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U.S. Supreme Court Formally Adopts Fifth Circuit Standard and Precludes Application of State Wage and Hour Laws on the Outer Continental Shelf

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On June 10, 2019, the U.S. Supreme Court issued its decision in Parker Drilling Management Services, Ltd. v. Newton.  In that case, the Court resolved a “disagreement between the Fifth and Ninth Circuits” concerning the extent to which state law applies on the Outer Continental Shelf (OCS) and ruled that California state wage-and-hour laws do not apply on the OCS because the federal Fair Labor Standards Act of 1938 (FLSA) already addresses those issues.  While the Court’s holding may not be surprising to those familiar with the Outer Continental Shelf Lands Act, 43 U.S.C. § 1331 et seq. (OCSLA), the Court’s detailed interpretation of OCSLA’s choice-of-law provision is not limited to state wage-and-hour laws and likely will be an important case in future OCSLA cases.

For context, Section 1333(a)(1) of the OCSLA extends the “Constitution and laws and civil and political jurisdiction of the United States” to the OCS and provides that federal law applies “to the same extent as if the [OCS] were an area of exclusive Federal jurisdiction located within a State.”  43 U.S.C.A. § 1333(a)(1).  Section 1333(a)(2)(A) further provides:

To the extent that they are applicable and not inconsistent with this subchapter or with other Federal laws and regulations of the Secretary now in effect or hereafter adopted, the civil and criminal laws of each adjacent State, now in effect or hereafter adopted, amended, or repealed are declared to be the law of the United States for that portion of the subsoil and seabed of the outer Continental Shelf, and artificial islands and fixed structures erected thereon, which would be within the area of the State if its boundaries were extended seaward to the outer margin of the outer Continental Shelf[.]  (Emphases added.)

The U.S. Supreme Court has routinely held that this OCSLA provision is “an explicit choice-of-law provision” and “supersede[s] the normal choice-of-law rules,” meaning parties may not contract around it even in private agreements.  Gulf Offshore Co. v. Mobil Oil Corp., 453 U.S. 473, 482–87 n.8 (1981).

In Parker Drilling, the plaintiff Brian Newton worked for Parker Drilling Management Services on drilling platforms off the California coast.  Parker Drilling paid Newton for his time on duty, but did not pay for his time on standby even though Newton could not leave the platform.  Newton filed a class action lawsuit in California state court, alleging violations of California state wage-and-hour laws, which—unlike FLSA—would have required Parker Drilling to pay him for his standby time and a minimum wage well above the federal level.  Because its platforms are subject to federal jurisdiction under the OCSLA, Parker Drilling removed the case to federal district court.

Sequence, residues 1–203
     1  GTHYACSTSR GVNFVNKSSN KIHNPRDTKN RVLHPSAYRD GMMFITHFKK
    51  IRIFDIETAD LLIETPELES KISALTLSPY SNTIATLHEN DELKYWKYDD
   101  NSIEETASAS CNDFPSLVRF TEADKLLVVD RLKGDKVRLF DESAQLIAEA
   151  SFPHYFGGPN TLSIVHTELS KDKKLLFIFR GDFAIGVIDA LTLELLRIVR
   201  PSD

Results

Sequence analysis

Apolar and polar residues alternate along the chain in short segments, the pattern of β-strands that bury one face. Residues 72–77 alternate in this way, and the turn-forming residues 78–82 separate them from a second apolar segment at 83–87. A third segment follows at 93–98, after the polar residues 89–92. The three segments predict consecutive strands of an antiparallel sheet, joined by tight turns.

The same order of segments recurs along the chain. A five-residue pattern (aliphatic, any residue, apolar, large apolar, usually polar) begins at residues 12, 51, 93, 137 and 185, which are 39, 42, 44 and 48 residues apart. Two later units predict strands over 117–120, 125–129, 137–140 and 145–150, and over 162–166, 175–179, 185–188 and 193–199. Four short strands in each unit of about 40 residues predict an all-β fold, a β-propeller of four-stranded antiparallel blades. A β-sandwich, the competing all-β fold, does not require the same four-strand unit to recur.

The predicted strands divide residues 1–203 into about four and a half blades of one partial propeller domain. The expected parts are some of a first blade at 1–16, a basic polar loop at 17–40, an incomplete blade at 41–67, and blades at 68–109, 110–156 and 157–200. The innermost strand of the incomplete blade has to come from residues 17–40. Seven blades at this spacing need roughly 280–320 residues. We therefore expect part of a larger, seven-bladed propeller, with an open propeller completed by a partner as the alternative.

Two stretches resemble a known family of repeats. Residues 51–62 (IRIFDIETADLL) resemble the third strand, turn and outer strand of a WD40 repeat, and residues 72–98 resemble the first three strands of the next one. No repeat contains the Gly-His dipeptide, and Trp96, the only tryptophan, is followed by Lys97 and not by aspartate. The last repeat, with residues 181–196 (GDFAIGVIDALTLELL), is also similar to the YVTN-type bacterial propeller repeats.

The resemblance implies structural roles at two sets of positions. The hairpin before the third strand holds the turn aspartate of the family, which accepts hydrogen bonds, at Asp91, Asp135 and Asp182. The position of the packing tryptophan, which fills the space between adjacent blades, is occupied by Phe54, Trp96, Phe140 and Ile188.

Relying on “the standard long applied by the Fifth Circuit,” first announced in Continental Oil Co. v. London Steam-Ship Owners’ Mutual Insurance Association, 417 F.2d 1030 (5th Cir. 1969), the district court granted Parker Drilling’s judgment on the pleadings because it determined the FSLA was “a comprehensive federal wage-and-hour scheme” that left no significant gap for California’s wage-and-hour laws to fill.  The Ninth Circuit vacated and remanded, holding that “no inconsistency exists between the FLSA and California wage-and-hour law because the FLSA saving clause ‘explicitly permits more protective state wage and hour laws.’”

The U.S. Supreme Court acknowledged upfront that the case presented “a close question of statutory interpretation.”  Nevertheless, relying upon the primacy of federal law on the OCS and the limited role of state law, the Court—in a unanimous opinion delivered by Justice Clarence Thomas—reversed the Ninth Circuit and held that state laws can be “applicable and not inconsistent” with federal law under § 1333(a)(2)(A) only if “federal law does not address the relevant issue.”  Put another way, the Court said, “to the extent federal law applies to a particular issue, state law is inapplicable.”  The Court did not apply traditional preemption principles, as urged by Newton, because the OCS is not, and never was, part of a State, so state law has never applied of its own force.  The Court emphasized that its interpretation is supported by the statute’s text, structure, and history, as well as its precedents.  In particular, the Court explained that extending state law writ large would render much of the OCSLA unnecessary and its interpretation is consistent with the federal-enclave model—a model that the OCSLA expressly invokes—and the historical development of the statute.

In accordance with the Fifth Circuit’s standard, the Court summed up the law as follows:  “All law on the OCS is federal, and state law serves a supporting role, to be adopted only where there is a gap in federal law’s coverage.”  Moving forward, the remaining question will be whether courts applying Parker Drilling find federal law does or does not address certain issues.  This is unlikely to be controversial where a comprehensive federal scheme like the FLSA applies, especially where the federal statute has already been described as comprehensive in caselaw.  However, it may present closer calls where the applicable federal statute is only partially on point or where federal common law has yet to describe the federal statute as comprehensive. 

The Court’s opinion can be found here.

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